C++ Is TIOBE's Language Of The Year
Written by Harry Fairhead   
Monday, 09 January 2023

The accolade "Programming Language of the Year" attracts new attention to the winner. This year it is C++ that has taken the honor, having been the language that has seen the greatest year-on-year increase in its popularity.

During 2022 C++ gained 4.62%, compared to a gain of 3.82% for C and 2.78% for Python. Paul Jansen, who maintains the TIOBE Index was fairly confident that C++ would be the language of the year a month ago when C++ overtook Java in the ratings. This represented an important change since Java had for so much of its history been unassailably TIOBE's top language.

So what has accounted for the recent success of C++?

According to Jansen:

The reason for C++'s popularity is its excellent performance while being a high level object-oriented language. Because of this, it is possible to develop fast and vast software systems (over millions of lines of code) in C++ without necessarily ending up in a maintenance nightmare.

Jansen also points to the "constant publication of new language standards with interesting features" and he thinks that the recent C++20 publication, which introduced modules "will probably lift C++ further in the TIOBE index for the next few years".

Personally I find the proliferation of features in C++ something that makes an intrinsically complex language even harder. So while it is easy to make mistakes in C, the language it is based on, it is easy to make even greater mistakes in C++.

C++, which dates from 1985, was created by Bjarne Stroustrup at Bell Labs as "C with Classes", that is an object-oriented extension for C. Written in C, initially it was treated as a pre-processor to C and shared, and still shares, the advantage of every computer having a C compiler.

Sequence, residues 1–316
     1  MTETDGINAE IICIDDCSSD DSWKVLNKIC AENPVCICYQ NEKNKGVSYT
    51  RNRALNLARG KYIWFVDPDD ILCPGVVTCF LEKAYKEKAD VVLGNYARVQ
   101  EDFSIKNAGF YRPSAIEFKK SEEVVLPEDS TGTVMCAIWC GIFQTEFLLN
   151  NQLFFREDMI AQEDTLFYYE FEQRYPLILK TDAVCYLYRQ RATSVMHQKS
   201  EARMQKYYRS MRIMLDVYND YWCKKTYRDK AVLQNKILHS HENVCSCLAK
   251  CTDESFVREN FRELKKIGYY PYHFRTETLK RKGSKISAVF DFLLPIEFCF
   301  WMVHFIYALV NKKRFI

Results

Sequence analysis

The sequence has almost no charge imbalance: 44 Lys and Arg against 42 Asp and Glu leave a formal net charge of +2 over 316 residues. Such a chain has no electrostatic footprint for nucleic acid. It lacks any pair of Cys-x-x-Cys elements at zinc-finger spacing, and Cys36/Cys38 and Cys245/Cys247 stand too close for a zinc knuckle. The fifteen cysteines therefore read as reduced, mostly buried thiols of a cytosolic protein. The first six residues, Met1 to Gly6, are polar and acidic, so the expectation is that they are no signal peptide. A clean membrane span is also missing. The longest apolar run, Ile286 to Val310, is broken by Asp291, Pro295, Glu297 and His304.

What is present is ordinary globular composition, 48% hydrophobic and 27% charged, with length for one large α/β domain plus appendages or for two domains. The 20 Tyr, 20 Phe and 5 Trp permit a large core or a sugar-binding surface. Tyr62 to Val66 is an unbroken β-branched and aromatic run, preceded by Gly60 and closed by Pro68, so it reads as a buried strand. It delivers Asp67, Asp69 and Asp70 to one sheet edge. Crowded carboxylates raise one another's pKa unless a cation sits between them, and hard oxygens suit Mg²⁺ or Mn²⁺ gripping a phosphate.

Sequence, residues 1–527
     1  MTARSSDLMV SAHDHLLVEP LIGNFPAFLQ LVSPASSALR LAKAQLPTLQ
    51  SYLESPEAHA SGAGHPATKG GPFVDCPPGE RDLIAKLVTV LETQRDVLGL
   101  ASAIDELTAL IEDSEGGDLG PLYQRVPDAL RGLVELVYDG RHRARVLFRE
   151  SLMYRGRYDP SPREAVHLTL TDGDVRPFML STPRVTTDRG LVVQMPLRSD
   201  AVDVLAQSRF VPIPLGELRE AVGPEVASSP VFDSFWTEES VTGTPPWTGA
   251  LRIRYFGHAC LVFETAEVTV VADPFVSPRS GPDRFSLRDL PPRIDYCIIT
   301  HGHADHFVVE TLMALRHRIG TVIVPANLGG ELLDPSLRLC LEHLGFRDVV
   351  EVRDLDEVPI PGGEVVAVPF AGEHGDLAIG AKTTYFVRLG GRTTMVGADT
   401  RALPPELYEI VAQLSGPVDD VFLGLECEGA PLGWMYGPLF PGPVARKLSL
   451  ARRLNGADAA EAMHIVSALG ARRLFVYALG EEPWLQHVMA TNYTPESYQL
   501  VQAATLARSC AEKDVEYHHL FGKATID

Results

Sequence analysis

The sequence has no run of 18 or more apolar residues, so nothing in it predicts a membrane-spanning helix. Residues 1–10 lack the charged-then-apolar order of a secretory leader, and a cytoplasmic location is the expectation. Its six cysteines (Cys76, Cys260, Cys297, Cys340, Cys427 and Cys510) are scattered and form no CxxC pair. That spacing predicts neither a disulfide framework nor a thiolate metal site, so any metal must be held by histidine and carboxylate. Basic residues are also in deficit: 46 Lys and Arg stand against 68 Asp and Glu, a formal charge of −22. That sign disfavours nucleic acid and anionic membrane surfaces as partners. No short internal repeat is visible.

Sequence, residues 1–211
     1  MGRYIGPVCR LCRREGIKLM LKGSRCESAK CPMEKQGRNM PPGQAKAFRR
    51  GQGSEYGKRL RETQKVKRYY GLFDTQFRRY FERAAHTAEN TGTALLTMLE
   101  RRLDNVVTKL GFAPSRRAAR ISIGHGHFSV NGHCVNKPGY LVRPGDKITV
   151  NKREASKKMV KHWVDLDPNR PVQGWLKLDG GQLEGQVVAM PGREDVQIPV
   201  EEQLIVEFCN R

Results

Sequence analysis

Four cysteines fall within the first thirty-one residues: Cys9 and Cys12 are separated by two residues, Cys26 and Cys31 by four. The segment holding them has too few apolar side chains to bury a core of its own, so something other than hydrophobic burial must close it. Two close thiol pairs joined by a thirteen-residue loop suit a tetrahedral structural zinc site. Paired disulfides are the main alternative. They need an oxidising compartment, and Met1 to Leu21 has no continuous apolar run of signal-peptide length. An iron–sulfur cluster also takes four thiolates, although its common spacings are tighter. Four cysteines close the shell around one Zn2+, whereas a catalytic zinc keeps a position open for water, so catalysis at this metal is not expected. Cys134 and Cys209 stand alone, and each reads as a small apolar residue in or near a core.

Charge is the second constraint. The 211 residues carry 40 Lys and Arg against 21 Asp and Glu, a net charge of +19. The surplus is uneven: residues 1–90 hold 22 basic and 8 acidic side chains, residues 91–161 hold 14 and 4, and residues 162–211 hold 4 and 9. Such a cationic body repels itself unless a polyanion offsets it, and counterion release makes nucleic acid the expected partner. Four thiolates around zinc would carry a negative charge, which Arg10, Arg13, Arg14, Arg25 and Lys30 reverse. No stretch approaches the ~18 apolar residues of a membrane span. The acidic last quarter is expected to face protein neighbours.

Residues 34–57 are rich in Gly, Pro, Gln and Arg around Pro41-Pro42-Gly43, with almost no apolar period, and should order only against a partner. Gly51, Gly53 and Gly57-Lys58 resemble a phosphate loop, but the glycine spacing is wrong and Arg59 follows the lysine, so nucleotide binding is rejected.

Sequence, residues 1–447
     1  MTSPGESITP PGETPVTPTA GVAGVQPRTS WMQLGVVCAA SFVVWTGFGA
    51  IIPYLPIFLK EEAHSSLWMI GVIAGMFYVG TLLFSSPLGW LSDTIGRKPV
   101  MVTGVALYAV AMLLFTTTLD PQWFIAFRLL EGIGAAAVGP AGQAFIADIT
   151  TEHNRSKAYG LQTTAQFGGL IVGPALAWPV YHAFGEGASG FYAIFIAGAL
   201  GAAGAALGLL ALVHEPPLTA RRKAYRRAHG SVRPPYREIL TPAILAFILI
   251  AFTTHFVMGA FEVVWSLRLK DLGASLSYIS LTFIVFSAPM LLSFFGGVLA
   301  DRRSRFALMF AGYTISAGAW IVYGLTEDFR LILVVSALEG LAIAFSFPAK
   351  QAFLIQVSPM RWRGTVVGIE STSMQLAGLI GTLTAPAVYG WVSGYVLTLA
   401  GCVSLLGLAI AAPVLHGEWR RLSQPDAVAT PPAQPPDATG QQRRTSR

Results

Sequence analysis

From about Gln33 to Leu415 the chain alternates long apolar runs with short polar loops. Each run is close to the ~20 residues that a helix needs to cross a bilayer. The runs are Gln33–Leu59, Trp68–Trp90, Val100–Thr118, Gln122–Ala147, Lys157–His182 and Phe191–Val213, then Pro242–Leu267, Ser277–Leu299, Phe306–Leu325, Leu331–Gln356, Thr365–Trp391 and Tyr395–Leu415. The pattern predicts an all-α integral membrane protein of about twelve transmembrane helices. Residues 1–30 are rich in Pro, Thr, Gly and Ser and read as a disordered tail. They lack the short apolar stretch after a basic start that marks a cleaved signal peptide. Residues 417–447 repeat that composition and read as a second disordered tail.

Stroustrup motivation for creating C++ was his desire for  an efficient and flexible language similar to C that also provided high-level features for program organization. He continues to be involved with the development of the language, see Bjarne Stroustrup Thinks He Has A Better Way To Do Generics.

Since 1998 the C++  standard has been overseen by the ISO, (International Organization for Standardization). Since 2012 it has been on a 3-year release schedule so the latest standard version, ratified and published by ISO in December 2020  and informally known as C++20 will be succeeded next year with C++23.

There is no question that Microsoft's adoption of C++ as its main system programming language has had a big effect on its popularity. People learn C++ just to work with Windows APIs. Microsoft's commitment to C++ is so great it doesn't even have a fully standards compliant C compiler - just a C++ one that does C as a subset. Contrast this with Linux where C++ is actively discouraged. To quote Linus Torvalds:

"C++ is a horrible language. It's made more horrible by the fact that a lot of substandard programmers use it, to the point where it's much much easier to generate total and utter crap with it. Quite frankly, even if the choice of C were to do *nothing* but keep the C++ programmers out, that in itself would be a huge reason to use C.

And there is a lot more on the same lines that suggest that C++ is not good for writing operating systems, which is completely at odds with Microsoft's opinion.

So is C++ worthy of the title "Programming Language of the Year"? For its performance that it has made progress on the TIOBE index, yes. But that doesn't make it a language fit for the future.



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Last Updated ( Monday, 09 January 2023 )